Referring to FIG. 16, a main routine 200, which is executed by processor 36, begins in step 201 by inputting to the processor an Xdimension of the symbol 24. The Xdimension is preferably computed under the inventor's application Ser. No. 08/524,368, filed Sep. 6, 1995, entitled Orientation Independent Method For Robust Computation Of Xdimensions, now U.S. Pat. No. 5,565,669, incorporated herein by reference. Additionally, in step 201, the version of the symbol 24, end points ep_{1} (52), ep_{2} (54), ep_{3} (110), and ep_{4} (112), are independently input by an operator or automatically determined by analyzing the recognition pattern 26 by methods well known in the art as noted above.
In step 202, the processor 36 follows a top of the long bar 50 until it determines the locations of all of the root points r_{1} (56) through r_{n} (72). The processor 36 determines the locations of the corner points by invoking a corner finding subroutine 450, as shown in FIG. 17.
Referring to FIG. 17, the processor 36 in an initial step 452 of subroutine 450 inputs the Xdimension of the symbol 24, which has been previously determined. The processor 36 in step 452 also inputs the version of the symbol 24 and the X and Y axis coordinates of a starting point (X, Y) on the top long bar 50, and inputs an initial direction of sampling σ_{H} that is dependent on which root point is being sought. Initially, the direction σ_{H} shown in FIG. 15A is input to determine the rightmost upper corner point r_{1} (56). Next, in step 454, the processor 36 initializes a variable k to a value of 1 (k=1), where k represents the number of samples the processor 36 has made along the direction σ_{H}. In step 456, the processor 36 seeks an edge point at some point (X, Y) or its neighborhood, preferably a 3×3 pixel neighborhood, in the Cartesian coordinate system, as is well known in the art and described in A. Rosenfeld, Digital Picture Processing, Academic Press, Volume 1 and Volume 2, 1982, incorporated by reference herein.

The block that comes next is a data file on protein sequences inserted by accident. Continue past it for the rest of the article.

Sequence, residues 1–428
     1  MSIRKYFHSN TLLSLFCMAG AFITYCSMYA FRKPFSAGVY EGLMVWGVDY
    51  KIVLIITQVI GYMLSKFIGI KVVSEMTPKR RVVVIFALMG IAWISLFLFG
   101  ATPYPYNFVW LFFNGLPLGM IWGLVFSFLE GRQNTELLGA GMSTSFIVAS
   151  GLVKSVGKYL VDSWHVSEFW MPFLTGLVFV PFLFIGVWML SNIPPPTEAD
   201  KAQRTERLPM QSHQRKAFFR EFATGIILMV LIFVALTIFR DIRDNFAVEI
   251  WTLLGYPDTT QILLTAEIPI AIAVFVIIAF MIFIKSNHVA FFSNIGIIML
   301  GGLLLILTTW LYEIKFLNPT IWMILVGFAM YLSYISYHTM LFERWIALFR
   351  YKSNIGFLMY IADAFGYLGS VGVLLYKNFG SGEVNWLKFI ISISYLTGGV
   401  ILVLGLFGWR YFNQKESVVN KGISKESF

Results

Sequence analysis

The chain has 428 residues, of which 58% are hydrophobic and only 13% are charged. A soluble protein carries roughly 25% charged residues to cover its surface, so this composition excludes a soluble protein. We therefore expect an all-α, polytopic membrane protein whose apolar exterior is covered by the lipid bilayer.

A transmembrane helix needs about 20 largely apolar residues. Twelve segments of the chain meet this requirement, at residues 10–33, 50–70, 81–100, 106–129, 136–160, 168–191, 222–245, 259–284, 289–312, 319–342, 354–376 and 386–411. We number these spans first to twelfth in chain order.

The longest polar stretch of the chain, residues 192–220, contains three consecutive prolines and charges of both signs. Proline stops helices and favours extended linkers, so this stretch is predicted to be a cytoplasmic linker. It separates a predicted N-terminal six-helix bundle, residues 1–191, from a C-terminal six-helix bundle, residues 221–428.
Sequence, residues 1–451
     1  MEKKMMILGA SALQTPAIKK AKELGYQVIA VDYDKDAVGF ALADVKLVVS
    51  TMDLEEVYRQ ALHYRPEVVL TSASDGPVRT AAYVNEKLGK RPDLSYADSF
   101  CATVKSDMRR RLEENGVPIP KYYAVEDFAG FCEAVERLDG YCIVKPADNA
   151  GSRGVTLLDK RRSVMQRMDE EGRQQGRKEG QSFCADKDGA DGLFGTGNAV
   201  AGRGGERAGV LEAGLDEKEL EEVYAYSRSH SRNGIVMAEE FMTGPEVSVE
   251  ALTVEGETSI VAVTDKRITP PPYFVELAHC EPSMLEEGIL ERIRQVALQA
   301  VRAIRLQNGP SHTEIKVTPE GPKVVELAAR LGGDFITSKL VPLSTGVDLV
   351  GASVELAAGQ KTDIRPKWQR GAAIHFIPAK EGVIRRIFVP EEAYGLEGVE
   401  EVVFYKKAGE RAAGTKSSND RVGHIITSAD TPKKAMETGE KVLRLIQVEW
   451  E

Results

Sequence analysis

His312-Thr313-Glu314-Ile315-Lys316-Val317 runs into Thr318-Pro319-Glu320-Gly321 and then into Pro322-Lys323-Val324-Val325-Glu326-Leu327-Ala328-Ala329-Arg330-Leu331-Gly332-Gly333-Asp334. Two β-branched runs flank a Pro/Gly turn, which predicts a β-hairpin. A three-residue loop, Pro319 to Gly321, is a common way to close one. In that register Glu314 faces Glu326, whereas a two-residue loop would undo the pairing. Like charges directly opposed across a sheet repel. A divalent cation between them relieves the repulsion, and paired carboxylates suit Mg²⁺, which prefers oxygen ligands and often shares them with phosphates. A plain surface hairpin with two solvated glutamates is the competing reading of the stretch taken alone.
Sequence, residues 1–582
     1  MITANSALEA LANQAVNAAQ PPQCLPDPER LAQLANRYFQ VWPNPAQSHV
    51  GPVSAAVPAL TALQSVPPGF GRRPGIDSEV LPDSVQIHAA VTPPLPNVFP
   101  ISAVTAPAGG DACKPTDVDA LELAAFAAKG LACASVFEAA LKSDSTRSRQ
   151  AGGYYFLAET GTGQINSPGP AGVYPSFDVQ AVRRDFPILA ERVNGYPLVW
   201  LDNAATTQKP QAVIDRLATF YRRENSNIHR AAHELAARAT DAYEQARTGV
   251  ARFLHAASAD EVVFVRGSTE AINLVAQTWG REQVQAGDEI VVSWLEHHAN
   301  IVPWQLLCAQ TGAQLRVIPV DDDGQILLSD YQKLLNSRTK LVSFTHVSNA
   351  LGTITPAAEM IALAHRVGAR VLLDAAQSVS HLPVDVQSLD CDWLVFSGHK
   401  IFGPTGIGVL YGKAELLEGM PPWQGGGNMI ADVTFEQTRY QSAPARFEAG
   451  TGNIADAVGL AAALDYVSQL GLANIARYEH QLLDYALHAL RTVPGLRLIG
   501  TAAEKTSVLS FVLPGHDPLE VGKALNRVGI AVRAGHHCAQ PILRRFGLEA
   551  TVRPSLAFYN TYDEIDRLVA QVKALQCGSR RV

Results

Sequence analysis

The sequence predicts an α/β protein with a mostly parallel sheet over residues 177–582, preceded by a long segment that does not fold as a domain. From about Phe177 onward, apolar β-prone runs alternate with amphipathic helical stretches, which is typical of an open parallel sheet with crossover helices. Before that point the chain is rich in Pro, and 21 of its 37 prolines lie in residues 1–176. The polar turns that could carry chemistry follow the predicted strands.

In step 458 the processor 36 determines if there is an edge within any of the 3×3 pixel area examined, if not, then the processor 36 returns to the main routine 200 and indicates on a user display (not shown) that a failure has occurred. However, if the processor 36 found that an edge does exist, then it proceeds to step 460. In step 460 the processor 36 checks whether an edge exists at a next point (X_{1}, Y_{1}) out of the points in the 3×3 pixel area surrounding the current point (X, Y) that are stored in memory, and tests this point against conditions: ##EQU11## As used generally herein, the symbol ##EQU12## refers to the angle that a line between points (X, Y) and (X_{1}, Y_{1}) makes with respect to the X axis of the Cartesian coordinate system employed by the present invention. Additionally, "dist" refers to determining the distance between two points using the wellknown distance formula recited below. If the edge of the point (X_{1}, Y_{1}) is between 1 and 3 pixels away, and the edge is not at a point less than 90° from the direction of travel σ_{H}, then the processor 36 proceeds to step 462.
In step 462, the processor updates the direction σ_{H} by a linking history of N previous points, where σ_{H} =the average of {σ_{k1}, σ_{k2}, σ_{kN} }. The value N corresponds to some preselected number of previous points that provide a suitable average, such as 10. Then, the processor 36, in step 464, increments k to k+1 and sets the sampled point (X, Y) to the coordinates of the new point (X_{1}, Y_{1}) and returns to step 460. As a result, steps 460, 462 and 464 are sequentially performed in several cycles as the processor 36 searches along an edge.